In spite of improvement in postoperative survival with advances in surgical techniques and multimodal adjuvant therapy, gastric cancer nevertheless, remains a top killer among cancers of the gastrointestinal tract. The postoperative survival rate of patients with advanced gastric cancer is very low[2-4]. Peritoneal dissemination is the most frequent pattern of recurrence in patients with gastric carcinoma. About 50%-60% of gastric cancer patients with serosal invasion after curative resection eventually developed peritoneal metastases[6,7]. The incidence of peritoneal recurrence after curative resection was 13.46% and the survival after peritoneal recurrence was 4.9 mo in average. The 5-year survival rate of patients with positive peritoneal lavage cytology was only 2%. However, the mechanism of peritoneal dissemination has not yet been clearly defined so far. Free cancer cells exfoliated from cancer lesions have been postulated as the main cause of metastasis[5,8-10].
Recent advances on the molecular mechanisms of peritoneal dissemination have elucidated some of the target molecules and the development of new multimodal therapies in an attempt to eliminate peritoneal exfoliated free cancer cells has also improved survival. Of course, it is very important to develop reliable methods for the accurate selection of patients for whom adjuvant intraperitoneal therapy will be required. PLC examination has been generally considered as the gold standard for predicting peritoneal recurrences and is seen as one of the most accurate prognostic tools. In the absence of macroscopic peritoneal metastases, positive cytological results have been shown to correlate with the survival of patients with advanced gastric cancer. However, the sensitivity of this assay is relatively low[13-15], ranging from 21%-35%. Some patients with negative cytological findings have been diagnosed later with peritoneal metastasis. Hence, further studies are required to eliminate the above limitations to improve the accuracy of this technique.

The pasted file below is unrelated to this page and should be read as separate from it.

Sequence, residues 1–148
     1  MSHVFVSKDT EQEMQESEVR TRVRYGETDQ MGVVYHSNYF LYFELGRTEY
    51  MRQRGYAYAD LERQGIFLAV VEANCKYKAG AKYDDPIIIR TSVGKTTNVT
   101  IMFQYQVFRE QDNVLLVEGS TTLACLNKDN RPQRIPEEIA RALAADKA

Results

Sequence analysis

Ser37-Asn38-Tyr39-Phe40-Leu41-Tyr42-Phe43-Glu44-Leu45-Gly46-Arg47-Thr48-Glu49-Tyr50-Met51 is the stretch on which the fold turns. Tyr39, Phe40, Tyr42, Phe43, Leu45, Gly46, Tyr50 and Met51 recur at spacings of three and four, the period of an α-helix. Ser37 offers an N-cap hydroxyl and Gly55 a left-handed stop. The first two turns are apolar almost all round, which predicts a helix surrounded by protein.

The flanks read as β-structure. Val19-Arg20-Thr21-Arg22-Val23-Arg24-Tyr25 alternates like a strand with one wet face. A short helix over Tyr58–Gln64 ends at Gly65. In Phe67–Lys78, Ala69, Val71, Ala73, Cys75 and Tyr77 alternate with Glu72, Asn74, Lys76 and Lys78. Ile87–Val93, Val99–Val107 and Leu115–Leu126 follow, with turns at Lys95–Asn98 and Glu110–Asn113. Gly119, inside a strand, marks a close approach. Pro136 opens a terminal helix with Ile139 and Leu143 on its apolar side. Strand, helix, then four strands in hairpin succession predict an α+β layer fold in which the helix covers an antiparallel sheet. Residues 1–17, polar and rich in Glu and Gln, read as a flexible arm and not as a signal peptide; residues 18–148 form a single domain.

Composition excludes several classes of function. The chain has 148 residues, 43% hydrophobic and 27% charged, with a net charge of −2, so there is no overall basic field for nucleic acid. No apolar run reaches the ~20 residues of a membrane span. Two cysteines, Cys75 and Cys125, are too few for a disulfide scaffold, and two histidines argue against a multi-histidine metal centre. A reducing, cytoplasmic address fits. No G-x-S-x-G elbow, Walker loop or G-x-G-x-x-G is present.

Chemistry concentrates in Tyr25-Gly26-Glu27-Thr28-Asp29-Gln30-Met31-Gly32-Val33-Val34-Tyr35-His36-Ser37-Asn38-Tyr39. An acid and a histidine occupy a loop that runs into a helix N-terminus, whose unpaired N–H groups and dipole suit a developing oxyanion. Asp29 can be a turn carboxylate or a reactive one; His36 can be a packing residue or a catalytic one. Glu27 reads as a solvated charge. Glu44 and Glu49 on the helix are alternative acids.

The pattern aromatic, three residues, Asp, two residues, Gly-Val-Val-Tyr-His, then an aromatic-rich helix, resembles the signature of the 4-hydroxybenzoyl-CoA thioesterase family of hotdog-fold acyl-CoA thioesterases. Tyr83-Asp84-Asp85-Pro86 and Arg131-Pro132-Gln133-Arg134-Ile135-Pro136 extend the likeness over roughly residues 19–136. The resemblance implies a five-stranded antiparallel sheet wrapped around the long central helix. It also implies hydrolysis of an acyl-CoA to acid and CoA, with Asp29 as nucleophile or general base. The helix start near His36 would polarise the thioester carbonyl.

Telomerase is a ribonucleoprotein polymerase that adds TTAGGG repeats to telomeric ends. Telomerase activity is closely linked to attainment of cellular immortality, while lack of such activity contributes to cellular senescence. Telomerase is inactive in most normal somatic tissues except for germ and some stem cells, but has been found to be reactivated in approximately 85% of human malignancies[17,18]. Telomerase activity can be detected in trace amount of tissues, such as that collected in fine-needle aspiration cytology or even in the body fluid of cancer patients. Recently, telomerase expression also was found in peritoneal fluid of patients with gastric cancer[20-22]. The presence of telomerase was associated with advanced disease or peritoneal dissemination.